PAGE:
Rocking Reverend DJ Spencer (MFC Chicken) in the West End!
Be Bop A Lula!
Review by Bona Ruocco
5 Mar 2015
Be Bop A Lula!, a show in the style of a tribute concert, first opened in Liverpool at The Epstein Theatre in May 2014 and will now run on the first Wednesday of every month at the West End's Ambassadors Theatre, sharing the venue with “Stomp”. The press release says that the show is “set to have audiences rocking in the aisles” and this was certainly the case for the West End opening night, with couples of a certain age throwing themselves around, like they probably used to fifty years ago!! It was also good to see the audience having so much fun – and singing along to many of the songs.
Essentially the show is like going to a rock'n'roll concert, with the stars of the night being four legendary performers from the fifties and sixties: Billy Fury, Roy Orbison, Eddie Cochran and Gene Vincent. Two performers play all four rock'n'rollers, with Gavin Stanley taking on Eddie Cochran and Billy Fury and Lars Young playing Roy Orbison and Gene Vincent. They are backed by The Wild Caps, a talented four-piece band. We are promised a special guest star every month and the opening night's show brought us Jerry Lee Lewis.
American singers Eddie Cochran and Gene Vincent first toured the UK in 1960, but Cochran sadly never made it back home to the US after dying in a car crash over here during that tour. He was only 21 years of age. Billy Fury, from Liverpool, was also on that fateful tour. Roy Orbison is perhaps the better known of the foursome, having enjoyed a longer career than many of his contemporaries with hits (including “Pretty Woman” and “Crying” - both featured in the show) right up to his death in 1988.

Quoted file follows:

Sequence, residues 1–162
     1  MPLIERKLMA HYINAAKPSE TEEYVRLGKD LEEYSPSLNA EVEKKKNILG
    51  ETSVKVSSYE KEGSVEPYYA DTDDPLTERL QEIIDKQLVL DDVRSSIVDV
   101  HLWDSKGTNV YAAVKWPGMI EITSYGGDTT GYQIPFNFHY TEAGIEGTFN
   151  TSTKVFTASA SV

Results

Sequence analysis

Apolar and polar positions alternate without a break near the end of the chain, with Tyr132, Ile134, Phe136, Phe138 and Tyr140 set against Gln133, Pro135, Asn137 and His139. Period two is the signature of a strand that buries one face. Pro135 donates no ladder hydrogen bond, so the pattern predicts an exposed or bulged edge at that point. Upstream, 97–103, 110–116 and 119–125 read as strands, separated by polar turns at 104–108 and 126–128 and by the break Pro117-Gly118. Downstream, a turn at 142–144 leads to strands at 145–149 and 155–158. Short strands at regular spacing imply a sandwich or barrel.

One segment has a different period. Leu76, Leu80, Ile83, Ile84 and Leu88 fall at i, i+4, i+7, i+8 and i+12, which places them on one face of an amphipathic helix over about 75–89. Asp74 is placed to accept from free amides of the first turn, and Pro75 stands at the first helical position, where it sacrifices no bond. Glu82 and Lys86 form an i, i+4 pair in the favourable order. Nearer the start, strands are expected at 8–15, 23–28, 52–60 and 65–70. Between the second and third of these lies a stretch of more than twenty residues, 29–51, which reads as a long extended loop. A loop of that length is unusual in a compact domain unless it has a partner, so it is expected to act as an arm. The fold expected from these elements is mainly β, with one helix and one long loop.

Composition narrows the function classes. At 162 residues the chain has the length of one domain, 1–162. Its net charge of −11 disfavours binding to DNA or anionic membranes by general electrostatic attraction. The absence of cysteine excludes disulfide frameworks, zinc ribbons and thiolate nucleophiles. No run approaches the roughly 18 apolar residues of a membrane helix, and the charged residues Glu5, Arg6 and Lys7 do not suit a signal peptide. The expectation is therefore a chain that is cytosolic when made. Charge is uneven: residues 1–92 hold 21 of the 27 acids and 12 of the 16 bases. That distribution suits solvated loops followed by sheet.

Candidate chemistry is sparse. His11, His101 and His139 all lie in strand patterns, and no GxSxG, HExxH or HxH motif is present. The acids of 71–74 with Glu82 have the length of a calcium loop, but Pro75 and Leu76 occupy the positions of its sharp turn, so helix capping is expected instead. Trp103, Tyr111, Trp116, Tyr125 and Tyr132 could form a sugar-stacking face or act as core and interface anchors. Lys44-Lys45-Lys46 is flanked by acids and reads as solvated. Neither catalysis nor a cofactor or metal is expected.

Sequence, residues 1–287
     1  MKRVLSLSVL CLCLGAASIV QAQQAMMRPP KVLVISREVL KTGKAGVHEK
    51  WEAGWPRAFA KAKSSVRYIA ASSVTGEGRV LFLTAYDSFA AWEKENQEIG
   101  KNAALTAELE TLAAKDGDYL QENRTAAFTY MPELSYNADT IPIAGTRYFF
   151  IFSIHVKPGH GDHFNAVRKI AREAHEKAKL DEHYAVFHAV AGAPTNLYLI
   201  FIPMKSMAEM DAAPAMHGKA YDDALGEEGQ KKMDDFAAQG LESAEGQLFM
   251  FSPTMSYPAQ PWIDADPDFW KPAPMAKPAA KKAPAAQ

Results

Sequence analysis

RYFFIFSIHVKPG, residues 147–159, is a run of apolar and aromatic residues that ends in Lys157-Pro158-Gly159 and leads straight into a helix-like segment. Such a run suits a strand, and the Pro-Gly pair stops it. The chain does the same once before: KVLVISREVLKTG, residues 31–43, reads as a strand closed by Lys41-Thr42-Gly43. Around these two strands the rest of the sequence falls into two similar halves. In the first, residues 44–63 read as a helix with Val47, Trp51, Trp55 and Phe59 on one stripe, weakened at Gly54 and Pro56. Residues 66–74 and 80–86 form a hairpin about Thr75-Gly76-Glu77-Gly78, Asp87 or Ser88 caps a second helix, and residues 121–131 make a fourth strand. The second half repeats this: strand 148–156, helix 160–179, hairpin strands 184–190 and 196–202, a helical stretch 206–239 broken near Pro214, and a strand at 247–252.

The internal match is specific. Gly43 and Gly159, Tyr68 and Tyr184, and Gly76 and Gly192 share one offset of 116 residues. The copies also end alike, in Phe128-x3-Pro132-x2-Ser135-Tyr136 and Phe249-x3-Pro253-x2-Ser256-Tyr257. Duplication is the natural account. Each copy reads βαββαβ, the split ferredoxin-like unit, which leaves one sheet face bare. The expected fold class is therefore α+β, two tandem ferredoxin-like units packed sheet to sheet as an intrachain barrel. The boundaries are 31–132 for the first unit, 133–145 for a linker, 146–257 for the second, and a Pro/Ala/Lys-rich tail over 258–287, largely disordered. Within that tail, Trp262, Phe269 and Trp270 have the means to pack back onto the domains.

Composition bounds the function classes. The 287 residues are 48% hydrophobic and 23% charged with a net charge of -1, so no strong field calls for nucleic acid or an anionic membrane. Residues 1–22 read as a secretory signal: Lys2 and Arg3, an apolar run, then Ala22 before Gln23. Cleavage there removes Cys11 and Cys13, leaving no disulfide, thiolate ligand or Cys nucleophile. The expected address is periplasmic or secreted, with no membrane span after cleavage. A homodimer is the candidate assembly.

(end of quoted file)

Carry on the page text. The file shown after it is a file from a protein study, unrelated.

The evening started off with a seemingly quiet bespectacled gentleman entering the stage, with organ music playing in the background. But this was no ordinary man - he was our Master of Ceremonies for the night - known as Rocking Reverend DJ Spencer, played by the agile Spencer Evoy from Canada. We later see him playing the saxophone and doing the splits at the same time! That is worth the ticket price alone!!
Billy Fury, in a shiny gold suit, was the first singer to take to the stage, performing four songs including a great version of “Wondrous Place”, a now sadly forgotten classic but well worth re-discovering. Roy Orbison followed, with the trademark dark sunglasses, singing one of the all-time great songs of the era: “Only The Lonely”. Eddie Cochran was next up with “C'Mon Everybody” - another fantastic song, which was revived by no less than the Sex Pistols in the late 1970s. It was then the turn of Gene Vincent, looking very mean and moody.
It was now time for our special guest - Jerry Lee Lewis. The singer was played by Peter Gill as a wide-eyed, stoned and extrovert showman. This provided us with some laugh out loud moments, which contrasted well with the more subtle performances of Fury and Orbison, who were not particularly known for their on-stage flamboyance. The hits kept on coming, with “Great Balls of Fire” and many others.
Overall, this is not the most refined and polished show you'll see in the West End, but that's not the point. The show's charm lies in its raw energy and infectious songs, most of which have become classics. Does it tick my box for being a great night out? Yes!